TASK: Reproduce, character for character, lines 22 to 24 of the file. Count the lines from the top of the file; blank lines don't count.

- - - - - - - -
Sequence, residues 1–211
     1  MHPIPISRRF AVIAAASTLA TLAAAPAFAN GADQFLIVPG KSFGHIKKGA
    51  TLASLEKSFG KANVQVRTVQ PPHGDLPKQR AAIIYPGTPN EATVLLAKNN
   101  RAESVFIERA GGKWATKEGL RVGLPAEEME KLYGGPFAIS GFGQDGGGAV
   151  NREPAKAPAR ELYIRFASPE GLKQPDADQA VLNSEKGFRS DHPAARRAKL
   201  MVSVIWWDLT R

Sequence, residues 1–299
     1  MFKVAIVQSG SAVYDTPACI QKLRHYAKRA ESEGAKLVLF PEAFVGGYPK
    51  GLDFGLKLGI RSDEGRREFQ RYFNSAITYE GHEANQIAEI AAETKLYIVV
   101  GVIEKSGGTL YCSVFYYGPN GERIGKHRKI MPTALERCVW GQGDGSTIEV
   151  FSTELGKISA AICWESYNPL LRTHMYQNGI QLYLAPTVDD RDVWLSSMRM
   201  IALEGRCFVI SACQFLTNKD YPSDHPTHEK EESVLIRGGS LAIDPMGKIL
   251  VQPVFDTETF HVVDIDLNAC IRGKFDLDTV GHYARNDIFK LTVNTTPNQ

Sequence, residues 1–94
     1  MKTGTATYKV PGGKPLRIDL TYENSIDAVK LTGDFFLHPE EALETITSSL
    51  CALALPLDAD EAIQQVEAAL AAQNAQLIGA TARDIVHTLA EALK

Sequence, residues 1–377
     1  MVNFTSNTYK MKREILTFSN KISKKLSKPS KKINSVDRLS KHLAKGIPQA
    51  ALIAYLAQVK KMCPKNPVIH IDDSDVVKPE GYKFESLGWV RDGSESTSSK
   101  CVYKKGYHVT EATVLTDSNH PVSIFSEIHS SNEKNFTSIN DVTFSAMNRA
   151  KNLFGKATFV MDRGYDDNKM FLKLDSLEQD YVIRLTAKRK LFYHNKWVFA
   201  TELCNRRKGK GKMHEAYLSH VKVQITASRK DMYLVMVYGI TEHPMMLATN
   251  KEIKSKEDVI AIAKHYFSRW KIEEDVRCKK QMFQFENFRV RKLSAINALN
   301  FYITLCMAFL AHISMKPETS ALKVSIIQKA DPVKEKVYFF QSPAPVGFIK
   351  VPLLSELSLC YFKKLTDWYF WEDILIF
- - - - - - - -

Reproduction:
   201  TELCNRRKGK GKMHEAYLSH VKVQITASRK DMYLVMVYGI TEHPMMLATN
   251  KEIKSKEDVI AIAKHYFSRW KIEEDVRCKK QMFQFENFRV RKLSAINALN
   301  FYITLCMAFL AHISMKPETS ALKVSIIQKA DPVKEKVYFF QSPAPVGFIK